Houghton County approves purchase of potential jail site
HOUGHTON — Houghton County has a new site for a potential jail.
Tuesday, the board approved purchasing the First Apostolic Lutheran Church property on Sharon Avenue for $1.1 million. The board discussed the purchase in closed session prior to the vote.
The terms of when Houghton County would be able to move onto the site still need to be finalized in the purchase agreement, Vice Chairman Tom Tikkanen said.
Board members and the public toured the church site last month prior to a board work session. The congregation plans to build a bigger church on Gundlach Road.
The 14,000-square-foot building would be planned to house the sheriff’s office, work camp, district court, and potentially offices such as the county clerk. A new county jail would be built on land behind the church, partially overlapping with the current parking lot.
Last month, Commissioner Gretchen Janssen said the church had yet to break ground, and could stay in its current location for another year and a half to two years.
Last month, architect Karin Cooper said design would take roughly six months, with another year for construction.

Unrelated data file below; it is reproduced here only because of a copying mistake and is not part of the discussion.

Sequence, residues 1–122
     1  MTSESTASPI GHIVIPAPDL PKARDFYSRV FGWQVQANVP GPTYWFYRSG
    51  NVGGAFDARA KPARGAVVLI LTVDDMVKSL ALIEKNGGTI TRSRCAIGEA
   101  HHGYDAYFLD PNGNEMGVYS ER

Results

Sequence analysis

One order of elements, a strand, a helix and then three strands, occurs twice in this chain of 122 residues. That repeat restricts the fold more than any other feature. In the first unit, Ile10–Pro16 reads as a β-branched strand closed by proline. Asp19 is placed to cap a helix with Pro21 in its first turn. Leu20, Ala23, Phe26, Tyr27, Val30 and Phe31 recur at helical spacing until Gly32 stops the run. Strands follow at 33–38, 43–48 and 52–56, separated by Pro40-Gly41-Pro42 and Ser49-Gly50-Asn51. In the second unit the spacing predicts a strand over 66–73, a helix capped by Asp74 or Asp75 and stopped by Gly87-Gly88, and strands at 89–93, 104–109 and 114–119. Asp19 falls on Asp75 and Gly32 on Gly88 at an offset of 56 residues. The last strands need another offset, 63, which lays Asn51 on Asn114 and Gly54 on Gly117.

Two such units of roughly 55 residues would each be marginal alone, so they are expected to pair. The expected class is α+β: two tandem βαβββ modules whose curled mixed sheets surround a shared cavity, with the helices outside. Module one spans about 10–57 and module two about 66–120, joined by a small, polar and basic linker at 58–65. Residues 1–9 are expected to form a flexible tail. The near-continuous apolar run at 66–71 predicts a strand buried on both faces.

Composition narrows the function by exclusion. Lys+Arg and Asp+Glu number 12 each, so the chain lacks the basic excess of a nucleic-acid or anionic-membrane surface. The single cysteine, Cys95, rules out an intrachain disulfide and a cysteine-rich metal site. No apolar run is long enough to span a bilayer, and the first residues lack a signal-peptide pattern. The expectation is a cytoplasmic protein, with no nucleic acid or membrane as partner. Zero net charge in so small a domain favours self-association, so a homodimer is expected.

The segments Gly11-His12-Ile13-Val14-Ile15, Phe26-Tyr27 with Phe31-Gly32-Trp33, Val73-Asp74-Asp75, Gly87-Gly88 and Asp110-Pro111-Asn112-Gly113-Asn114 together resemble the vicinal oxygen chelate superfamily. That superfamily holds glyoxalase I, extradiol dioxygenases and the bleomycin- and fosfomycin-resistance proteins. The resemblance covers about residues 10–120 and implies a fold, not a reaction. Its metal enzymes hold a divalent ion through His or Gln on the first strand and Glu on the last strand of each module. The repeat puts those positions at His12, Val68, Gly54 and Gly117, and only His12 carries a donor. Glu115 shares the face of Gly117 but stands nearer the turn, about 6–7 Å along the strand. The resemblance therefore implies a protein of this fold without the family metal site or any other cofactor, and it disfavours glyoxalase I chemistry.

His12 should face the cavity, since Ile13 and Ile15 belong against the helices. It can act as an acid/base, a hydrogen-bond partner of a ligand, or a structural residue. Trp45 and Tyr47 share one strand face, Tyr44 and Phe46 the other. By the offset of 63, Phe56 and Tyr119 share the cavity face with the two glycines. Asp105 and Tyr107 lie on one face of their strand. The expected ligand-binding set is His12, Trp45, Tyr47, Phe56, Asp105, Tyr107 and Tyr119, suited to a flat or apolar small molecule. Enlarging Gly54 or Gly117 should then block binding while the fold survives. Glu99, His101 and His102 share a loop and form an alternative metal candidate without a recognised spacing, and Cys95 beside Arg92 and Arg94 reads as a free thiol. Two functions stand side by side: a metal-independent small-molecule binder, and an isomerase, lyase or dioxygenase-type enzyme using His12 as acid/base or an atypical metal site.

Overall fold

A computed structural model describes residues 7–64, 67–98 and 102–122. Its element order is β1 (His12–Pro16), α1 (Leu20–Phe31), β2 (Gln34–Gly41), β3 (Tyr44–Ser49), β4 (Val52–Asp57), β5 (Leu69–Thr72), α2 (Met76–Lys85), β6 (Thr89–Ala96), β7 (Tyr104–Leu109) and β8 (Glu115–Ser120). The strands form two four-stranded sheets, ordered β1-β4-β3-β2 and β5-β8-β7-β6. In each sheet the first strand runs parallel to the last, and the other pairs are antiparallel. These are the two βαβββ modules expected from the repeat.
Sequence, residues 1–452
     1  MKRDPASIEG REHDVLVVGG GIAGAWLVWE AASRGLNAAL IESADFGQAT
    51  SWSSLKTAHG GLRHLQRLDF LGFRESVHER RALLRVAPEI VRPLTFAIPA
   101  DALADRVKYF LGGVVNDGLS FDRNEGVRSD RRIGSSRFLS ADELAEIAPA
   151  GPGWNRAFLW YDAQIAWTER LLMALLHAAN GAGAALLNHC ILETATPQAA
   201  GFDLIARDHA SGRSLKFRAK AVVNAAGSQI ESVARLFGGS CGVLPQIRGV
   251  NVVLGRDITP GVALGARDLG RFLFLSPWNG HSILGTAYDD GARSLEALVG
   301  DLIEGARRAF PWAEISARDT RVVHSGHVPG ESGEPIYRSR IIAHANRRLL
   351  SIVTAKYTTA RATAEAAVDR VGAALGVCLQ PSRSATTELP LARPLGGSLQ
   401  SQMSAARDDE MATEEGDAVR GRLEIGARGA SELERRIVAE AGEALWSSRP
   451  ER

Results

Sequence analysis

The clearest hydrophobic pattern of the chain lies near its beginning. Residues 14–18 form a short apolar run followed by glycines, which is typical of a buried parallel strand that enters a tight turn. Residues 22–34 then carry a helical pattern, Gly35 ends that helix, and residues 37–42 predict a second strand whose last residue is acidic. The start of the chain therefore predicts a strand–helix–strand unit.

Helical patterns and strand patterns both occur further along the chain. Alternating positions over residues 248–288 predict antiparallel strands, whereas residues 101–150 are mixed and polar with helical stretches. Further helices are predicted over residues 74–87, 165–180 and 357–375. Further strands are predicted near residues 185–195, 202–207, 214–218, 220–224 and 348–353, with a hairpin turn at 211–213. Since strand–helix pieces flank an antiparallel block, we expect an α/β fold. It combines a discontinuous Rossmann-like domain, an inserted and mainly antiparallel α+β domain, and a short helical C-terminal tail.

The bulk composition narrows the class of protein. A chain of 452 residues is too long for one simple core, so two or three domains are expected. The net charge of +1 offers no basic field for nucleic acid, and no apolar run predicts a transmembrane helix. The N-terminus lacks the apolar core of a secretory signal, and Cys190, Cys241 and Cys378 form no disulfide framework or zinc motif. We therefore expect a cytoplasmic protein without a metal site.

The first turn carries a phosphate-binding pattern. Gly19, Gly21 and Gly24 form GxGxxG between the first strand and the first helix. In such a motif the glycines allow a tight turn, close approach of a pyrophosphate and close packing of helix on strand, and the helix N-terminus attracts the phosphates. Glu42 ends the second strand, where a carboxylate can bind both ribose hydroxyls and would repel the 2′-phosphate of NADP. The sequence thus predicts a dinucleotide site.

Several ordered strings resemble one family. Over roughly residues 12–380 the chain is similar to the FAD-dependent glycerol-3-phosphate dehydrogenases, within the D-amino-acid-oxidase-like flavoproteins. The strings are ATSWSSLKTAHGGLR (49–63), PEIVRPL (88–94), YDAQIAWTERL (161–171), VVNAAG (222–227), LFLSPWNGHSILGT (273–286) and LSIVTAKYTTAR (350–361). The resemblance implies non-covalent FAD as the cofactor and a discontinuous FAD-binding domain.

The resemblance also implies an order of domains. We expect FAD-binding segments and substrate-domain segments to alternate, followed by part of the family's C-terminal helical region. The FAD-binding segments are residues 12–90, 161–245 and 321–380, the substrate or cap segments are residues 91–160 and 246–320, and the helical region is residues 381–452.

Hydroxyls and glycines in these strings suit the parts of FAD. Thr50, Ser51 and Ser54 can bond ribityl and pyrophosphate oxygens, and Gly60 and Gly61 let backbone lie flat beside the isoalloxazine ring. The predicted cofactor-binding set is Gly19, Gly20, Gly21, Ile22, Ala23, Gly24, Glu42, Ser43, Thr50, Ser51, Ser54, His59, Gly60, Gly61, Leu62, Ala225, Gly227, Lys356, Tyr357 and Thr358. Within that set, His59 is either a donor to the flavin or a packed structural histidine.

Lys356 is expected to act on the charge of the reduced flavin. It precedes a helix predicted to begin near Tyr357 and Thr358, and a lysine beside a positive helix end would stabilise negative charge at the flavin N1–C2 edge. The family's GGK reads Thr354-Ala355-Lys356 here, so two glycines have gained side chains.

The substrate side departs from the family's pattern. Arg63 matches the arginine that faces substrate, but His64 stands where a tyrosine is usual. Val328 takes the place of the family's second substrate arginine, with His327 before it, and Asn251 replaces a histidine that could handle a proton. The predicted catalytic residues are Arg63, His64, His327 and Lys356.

Voters would first need to approve a millage for whatever facility the county plans to build. To qualify for the August ballot, the county would need to file ballot language for a millage by May 11.
Also Tuesday, the board:
≤ Heard from Clerk Jennifer Kelly the clerk’s office may experience cuts in office.
≤ Heard from Vice Chairman Tom Tikkanen that a single-stream recycling dropoff point will be available to county residents at the transfer station starting on April 22, which is Earth Day. There will be a $5 fee per vehicle. The county Solid Waste Committee developed the site in conjunction with the Copper Country Recycling Initiative. Additionally, Great American Disposal will be purchasing the county’s former transfer station site on Sharon Avenue.
≤ Heard from Equalization Director Cheryl Patrick. This year’s state equalized value for the county increased to more than $1.35 billion. The top three units for assessed equalized value were Houghton, Portage Township and Hancock. Taxable value was $1,009,829,860, up 3.64% over last year.
“There’s been a big increase in sales in a year and a half,” Patrick said. “People from all around the country are buying property in Houghton County.”
≤ Heard from auditor Debbie Bradford the county had received an unmodified opinion on its audit, indicating no red flags or illegal acts. The county deficit declined from about $3 million two years ago to $1.1 million, which Bradford said was due to an increase in assets. CARES Act funding helped bring federal awards up to $8.2 million from $6.5 million. The biggest increase in expenditures came from the flood issues being tackled by the Road Commission.
Bradford complimented Elizabeth Bjorn for keeping the county’s internal controls together.
“She said she likes to be audited,” Bradford said. “Now, I don’t get that much.”